Since his arrival, Coach Bill Belichick's winning percentage is a staggering 74 percent-- the second best of all time. He has won more Super Bowls (five) than any other head coach.
Much of the team's success has to do with strategy and adjustments. There are many business lessons to glean from his winning formula. Here are the top six:
1. Gaining momentum at a pivotal part of the game
Belichick sparked a trend in the NFL and elsewhere by deferring when winning the coin toss. Those that defer (giving the ball to the other team first) win about 60 percent of the time in the NFL.
With regularity, the Patriots score on their last position of the first half, then regain the ball to start the second half. With more information than they would have at the beginning of the game, the Patriots seize momentum by scoring back-to-back.
Business lesson: It's critical to gather pertinent data so you can make fact-based decisions at critical times in your company's life cycle. Small companies often lack good information on metrics like cost or inventory. Seek out better access to analytics for yourself and customers.
2. Preparing like no other
Belichick is known for his obsession with film study.
In 2014, the Patriots won the Super Bowl on a last-minute interception by Malcolm Butler. In the documentary Do Your Job, assistant Ernie Adams explained how the Patriots had practiced against that exact situation over and over.
Butler, who was a rookie at the time, had been beat in practice on the play every time. But in a live situation, he "jumped the route" and made the play because he'd been coached on exactly what to do.
Business lesson: Spend as much time planning as you do reacting. One of my clients prepared a set of communications for when the new tax law passed-- and when it did, the client was perceived as a "first mover" who delivered information at the time people wanted it.
3. Being humble
Interview after interview, Belichick deflects all praise onto the players. He has said that "players win games and coaches lose them." While appearing stern on the sideline, his encouragement of the players can be heard in audio after big wins.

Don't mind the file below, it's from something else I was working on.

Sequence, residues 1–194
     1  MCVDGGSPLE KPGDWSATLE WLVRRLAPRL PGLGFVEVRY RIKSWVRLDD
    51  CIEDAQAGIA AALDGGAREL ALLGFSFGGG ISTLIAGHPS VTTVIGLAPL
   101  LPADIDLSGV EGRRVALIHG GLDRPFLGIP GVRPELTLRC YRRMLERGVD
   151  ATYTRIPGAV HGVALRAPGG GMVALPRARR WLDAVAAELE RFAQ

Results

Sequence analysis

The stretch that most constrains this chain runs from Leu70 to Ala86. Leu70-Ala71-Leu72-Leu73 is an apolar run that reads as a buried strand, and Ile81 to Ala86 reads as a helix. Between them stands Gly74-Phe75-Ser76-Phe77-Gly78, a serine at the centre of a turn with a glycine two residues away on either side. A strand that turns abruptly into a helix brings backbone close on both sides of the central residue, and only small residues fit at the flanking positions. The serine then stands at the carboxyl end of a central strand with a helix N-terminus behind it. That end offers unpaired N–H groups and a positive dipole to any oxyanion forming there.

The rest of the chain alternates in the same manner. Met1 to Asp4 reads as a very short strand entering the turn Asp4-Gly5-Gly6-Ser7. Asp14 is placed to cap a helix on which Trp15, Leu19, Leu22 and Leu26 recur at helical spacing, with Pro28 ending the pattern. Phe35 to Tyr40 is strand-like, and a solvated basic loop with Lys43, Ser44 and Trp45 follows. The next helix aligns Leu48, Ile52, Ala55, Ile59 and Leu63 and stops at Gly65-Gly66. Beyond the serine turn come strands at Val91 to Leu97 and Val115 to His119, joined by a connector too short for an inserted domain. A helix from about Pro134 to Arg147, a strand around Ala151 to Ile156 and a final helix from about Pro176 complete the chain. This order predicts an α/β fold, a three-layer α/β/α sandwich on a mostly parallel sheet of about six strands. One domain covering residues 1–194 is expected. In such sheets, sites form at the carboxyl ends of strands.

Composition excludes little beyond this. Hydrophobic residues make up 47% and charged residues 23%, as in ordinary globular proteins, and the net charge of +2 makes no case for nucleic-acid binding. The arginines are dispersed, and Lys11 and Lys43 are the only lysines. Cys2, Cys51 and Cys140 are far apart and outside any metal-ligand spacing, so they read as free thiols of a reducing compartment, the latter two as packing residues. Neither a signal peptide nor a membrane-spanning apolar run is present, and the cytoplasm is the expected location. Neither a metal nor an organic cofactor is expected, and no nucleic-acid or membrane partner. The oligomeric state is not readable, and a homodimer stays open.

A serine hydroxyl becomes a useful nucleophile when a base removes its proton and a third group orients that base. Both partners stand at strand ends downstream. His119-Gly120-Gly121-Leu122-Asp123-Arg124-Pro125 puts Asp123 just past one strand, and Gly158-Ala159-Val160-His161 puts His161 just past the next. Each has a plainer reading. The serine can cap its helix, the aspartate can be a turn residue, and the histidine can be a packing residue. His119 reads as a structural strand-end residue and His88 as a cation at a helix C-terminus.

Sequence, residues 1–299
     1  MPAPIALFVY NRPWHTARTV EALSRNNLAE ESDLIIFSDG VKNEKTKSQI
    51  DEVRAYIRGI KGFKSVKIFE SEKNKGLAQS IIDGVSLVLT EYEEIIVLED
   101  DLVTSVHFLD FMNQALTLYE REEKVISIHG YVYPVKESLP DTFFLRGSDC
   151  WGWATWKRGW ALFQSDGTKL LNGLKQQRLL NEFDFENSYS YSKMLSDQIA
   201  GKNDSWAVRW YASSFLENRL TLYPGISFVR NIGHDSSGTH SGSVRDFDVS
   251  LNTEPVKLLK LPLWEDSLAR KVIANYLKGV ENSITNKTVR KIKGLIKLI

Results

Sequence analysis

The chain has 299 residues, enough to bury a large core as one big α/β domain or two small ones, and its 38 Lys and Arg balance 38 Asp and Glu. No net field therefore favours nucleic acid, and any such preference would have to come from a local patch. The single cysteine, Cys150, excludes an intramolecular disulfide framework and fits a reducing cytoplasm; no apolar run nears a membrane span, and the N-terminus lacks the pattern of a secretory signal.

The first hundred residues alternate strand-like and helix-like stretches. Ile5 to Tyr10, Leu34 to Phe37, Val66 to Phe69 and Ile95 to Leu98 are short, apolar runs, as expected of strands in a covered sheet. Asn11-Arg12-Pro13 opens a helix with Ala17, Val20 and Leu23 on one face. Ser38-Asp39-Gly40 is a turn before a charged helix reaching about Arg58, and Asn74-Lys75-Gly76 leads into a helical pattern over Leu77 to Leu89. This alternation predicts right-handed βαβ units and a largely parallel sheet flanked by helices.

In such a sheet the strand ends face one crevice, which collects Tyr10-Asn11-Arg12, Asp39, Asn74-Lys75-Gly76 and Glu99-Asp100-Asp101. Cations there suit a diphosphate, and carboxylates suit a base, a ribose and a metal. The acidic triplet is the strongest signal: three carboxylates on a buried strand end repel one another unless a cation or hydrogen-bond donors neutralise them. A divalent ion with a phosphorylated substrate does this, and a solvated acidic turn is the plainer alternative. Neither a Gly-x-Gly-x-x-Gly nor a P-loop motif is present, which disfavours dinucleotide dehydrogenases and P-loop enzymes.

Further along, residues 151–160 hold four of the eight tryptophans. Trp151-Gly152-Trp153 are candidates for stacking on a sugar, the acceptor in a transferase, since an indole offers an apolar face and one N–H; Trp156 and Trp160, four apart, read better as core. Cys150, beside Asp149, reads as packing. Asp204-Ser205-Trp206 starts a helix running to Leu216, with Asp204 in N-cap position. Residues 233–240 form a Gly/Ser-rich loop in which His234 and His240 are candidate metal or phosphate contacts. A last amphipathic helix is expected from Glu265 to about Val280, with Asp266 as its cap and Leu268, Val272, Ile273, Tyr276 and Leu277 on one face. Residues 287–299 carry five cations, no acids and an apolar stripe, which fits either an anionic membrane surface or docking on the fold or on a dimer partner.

After Super Bowl XLVIII, receiver Julian Edelman said, "You gave me the best year of my life," to which Belichick responded, "You guys won it, it is a players' game." Edelman replied, "I would do anything for you, Coach."
Business lesson: Give positive reinforcement for a job well done. I try to practice a rule of providing three compliments for every time I correct an employee.
3. Staying cool under pressure
Quarterback Tom Brady and his teammates are rarely rattled. They consistently talk about "situational football", which in business translates to "situational awareness."
The Patriots came back to score 25 points in the fourth quarter and overtime last year, extending their legacy as the comeback kids. This comes down to preparing for various scenarios so players (or employees) know what to expect and can adapt to changing conditions.
Business lesson: Preparation fosters confidence. I recently had an experience with a client who doubted they could execute on a project-- but after planning the milestones and deliverables in detail, they realized they could successfully meet their objectives.
4. Getting the most out of the players
Famously, Belichick's "Do your job" mantra demands complete selflessness from his players. With the mics on after Super Bowl wins, macho football players can be heard telling each other "I love you, man."
Business lesson: Constantly reinforce culture and create a chemistry that will drive performance. In my case, I always try to encourage relationship-building among my employees.
5. Creating alignment in management
There was discussion this year about a supposed dispute between Belichick and New England Patriots owner Robert Kraft, which the two quickly dismissed.
Kraft and Belichick have long shared a common vision. In 2014, when Deflategate consumed the news, Kraft held a press conference and demanded the NFL apologize to Belichick and the players. They won the Super Bowl that year.
Business Lesson: Much like Kraft had Belichick's back, make sure you support your team's decisions with the outside world (such as vendors and customers).
6. Developing leaders
Eight former Belichick disciples are now NFL coaches. Belichick is a master at replicating himself in others.
Business lesson: Dedicate most of your time to developing leaders. One of my clients has a business with about 60 employees. He does all the interviewing and hiring himself, because he considers developing the next generation of leaders pivotal to his success.